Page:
Creating a garden wall with a trellis is one of the best ways to increase your vertical growing space. They are most commonly made of long, wooden pieces in a criss-cross pattern but can be found in various materials and designs to suit your needs.
Cost-effective and lightweight, lattices can be moved to different areas or secured if you want them to be permanent additions. They allow climbing plants and vines to grow upward, giving you the option to utilize areas in different ways while adding plant diversity to your garden.
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Many garden centers will sell standard four-by-eight pieces of wooden trellis or “lattice” that you can use in the garden. Lattice sections will need to be attached to something, whereas other pre-made wooden trellises usually have their own built-in “legs” that can be pushed deep into the ground to hold them up. These may also come in smaller sizes, be attached to planter boxes, or have a variation of space between the slats.
A lattice trellis offers more structure and privacy as they are built with less space between the woven pieces of wood. Clematis and jasmine, or vining annuals like nasturtiums, Dipladenia, or morning glory, will fill a four-by-eight section by the time you want some flowery coverage when lounging in the summertime yard.
Similar to the wooden trellis, some people opt for a metal trellis for its appearance, as it’s durable and decorative. It’s really a matter of personal aesthetic choice, as it does not have any superior function compared to wooden trellises. Metal is sometimes harder to attach than wood, especially if you are screwing your trellis into an existing fence or deck made of wood.
It’s not impossible, it just takes different kinds of screws and drill bits made specifically for attaching metal. Look for galvanized or other kinds of metal that are meant for outdoor applications. Otherwise, it will rust after only a season or two.
Trellis netting comes in different lengths and spacing between the lines to offer various options for your plants. Usually made of plastic, or sometimes string, netting will work best when attached to a frame of some kind to give it structure. It doesn’t have to be complicated: a few wooden stakes hammered into the ground with the netting wrapped or stapled tightly will do the trick.
This low-fuss trellis system is useful for gardens with many climbing vegetables or bushy flowers, as you can take it down easily once the annual growing season is done. It may not be the most aesthetically pleasing trellis, but since it’s thin and light, you can hide it easily in between plants to create an invisible trellis structure.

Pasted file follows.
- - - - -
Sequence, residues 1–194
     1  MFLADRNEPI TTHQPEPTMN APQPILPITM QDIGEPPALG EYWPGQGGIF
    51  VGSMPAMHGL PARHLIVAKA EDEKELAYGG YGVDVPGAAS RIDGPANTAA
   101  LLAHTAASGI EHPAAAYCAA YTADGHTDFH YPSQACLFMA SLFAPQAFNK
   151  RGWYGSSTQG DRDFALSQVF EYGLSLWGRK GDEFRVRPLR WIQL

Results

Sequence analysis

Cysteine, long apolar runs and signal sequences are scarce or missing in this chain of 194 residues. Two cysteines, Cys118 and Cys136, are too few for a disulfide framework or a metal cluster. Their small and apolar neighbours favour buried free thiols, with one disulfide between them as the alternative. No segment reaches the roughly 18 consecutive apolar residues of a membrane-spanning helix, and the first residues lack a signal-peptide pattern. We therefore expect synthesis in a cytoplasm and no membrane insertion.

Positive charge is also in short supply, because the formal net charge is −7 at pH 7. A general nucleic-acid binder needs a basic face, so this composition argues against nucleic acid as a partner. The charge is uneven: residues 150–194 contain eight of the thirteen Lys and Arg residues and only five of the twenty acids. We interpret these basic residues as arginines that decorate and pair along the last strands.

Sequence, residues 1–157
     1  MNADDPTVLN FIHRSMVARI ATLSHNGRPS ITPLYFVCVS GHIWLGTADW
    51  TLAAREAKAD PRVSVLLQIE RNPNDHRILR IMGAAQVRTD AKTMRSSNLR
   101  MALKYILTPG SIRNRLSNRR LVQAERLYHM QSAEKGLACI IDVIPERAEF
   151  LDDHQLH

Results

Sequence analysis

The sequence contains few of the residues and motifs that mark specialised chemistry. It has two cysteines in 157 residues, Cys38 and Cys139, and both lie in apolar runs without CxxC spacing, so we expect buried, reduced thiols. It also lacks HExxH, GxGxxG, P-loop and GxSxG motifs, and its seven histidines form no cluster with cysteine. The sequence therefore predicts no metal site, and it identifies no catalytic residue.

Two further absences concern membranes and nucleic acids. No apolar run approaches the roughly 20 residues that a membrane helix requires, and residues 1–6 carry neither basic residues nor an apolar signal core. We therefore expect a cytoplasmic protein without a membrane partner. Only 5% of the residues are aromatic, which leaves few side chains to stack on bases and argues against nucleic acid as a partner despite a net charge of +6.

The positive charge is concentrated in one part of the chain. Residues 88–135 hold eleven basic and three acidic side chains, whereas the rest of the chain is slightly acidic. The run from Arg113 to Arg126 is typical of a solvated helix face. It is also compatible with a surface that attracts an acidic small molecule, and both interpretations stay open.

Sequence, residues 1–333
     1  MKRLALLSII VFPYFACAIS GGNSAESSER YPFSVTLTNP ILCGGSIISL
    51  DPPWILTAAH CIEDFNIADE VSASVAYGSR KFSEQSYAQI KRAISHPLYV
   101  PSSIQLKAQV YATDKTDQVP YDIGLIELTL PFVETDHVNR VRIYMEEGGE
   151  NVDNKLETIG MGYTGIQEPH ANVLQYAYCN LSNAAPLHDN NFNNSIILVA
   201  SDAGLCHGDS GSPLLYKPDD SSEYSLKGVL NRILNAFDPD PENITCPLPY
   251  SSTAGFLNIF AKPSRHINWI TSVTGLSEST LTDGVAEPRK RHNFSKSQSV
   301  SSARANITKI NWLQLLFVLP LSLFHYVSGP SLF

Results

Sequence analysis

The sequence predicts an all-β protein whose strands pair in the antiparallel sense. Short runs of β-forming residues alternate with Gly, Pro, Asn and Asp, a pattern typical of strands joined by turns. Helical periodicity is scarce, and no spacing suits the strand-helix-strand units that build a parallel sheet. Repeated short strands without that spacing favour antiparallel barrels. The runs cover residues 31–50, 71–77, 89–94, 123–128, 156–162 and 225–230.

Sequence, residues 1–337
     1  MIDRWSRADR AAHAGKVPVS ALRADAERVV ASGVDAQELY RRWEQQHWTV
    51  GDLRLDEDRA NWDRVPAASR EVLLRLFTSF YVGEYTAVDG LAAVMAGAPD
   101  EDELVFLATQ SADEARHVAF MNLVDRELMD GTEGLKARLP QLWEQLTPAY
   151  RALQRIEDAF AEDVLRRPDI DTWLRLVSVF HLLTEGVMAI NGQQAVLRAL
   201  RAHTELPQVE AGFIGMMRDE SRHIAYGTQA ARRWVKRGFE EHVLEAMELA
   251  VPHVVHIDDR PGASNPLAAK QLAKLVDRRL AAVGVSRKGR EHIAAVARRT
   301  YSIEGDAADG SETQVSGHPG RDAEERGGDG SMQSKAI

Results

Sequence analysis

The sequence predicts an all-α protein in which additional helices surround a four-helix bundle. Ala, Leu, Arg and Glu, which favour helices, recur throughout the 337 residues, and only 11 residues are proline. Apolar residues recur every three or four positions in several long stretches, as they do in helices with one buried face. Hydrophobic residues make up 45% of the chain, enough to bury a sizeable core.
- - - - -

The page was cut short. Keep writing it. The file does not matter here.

Just like a bucket with holes drilled in the bottom can be a planter, anything that allows a plant to climb can be a trellis. Don’t be afraid to get creative with materials you may have lying around. Individual bamboo poles can be bound together in a criss-cross pattern to provide a growing surface for tomatoes, cucumbers, clematis, or any vining plant.
Galvanized steel rebar or mesh used for concrete applications can also be an interesting trellis. Old, wooden ladders can add a cool, shabby chic look while helping plants along, and of course, wooden skids or pallets (every DIY-er’s favorite up-cycled item) can be disassembled or used as-is to make an interesting and functional trellis wall. Note: a trellis can also become an arbor or pergola.
Plants that Love a Trellis
Certain plants will flourish around a trellis, and there are many options to choose from. Annual flowers like cathedral bells, Spanish flag, nasturtium, Dipladenia, Mandevilla, sweet pea, petunia, climbing snapdragon, and vining black-eyed Susan will take over a trellis in no time, giving you a vertical garden wall to admire throughout the warmer months. Of course, you'll have to plant these each year.
Perennial plants like roses, clematis, morning glory and moonflower (perennial in zones 10 and higher), Dutchman’s pipe, bougainvillea, passionflower, honeysuckle, and climbing hydrangea are all excellent choices if you want a section of permanently trellised plants that keep coming back.
Bougainvilleas are excellent shrubs that adore a good, hearty trellis to display their gorgeous blooms across, but they have thorns and aren’t winter hardy. Wisteria is also beautiful, but look for native varieties, as non-natives can take over a garden quickly.
There are a ton of fruits and vegetables that will appreciate a solid trellis system as it lifts them off the ground providing more sunshine and airflow: tomatoes, cucumbers, beans, peas, squash, hops, grapevines, strawberries, and raspberries are just a few popular ones. This is a great way to extend your garden and overall harvest each year. Plus, it makes it harder for some animals to nibble at the crop if it’s higher up.
Choosing what kind of trellis for your garden wall depends on a few factors. Consider whether you want a permanent trellis structure or something you can take down after the growing season is done. Do you need something functional, or is this a showpiece (or both)? And, of course, the dimensions of your space and what plants you want to grow will dictate the kind of trellis you need, as well.
While there aren’t any one-size-fits-all trellises for every situation, the wonderful thing is pretty much anything that acts as a vertical structure to plants can be a trellis. If budget is a concern, you can get out your tools and easily make your own, but pre-made ones will still need a DIY designer’s touch. Either way, big or small, a trellis will help you create a garden wall to admire.
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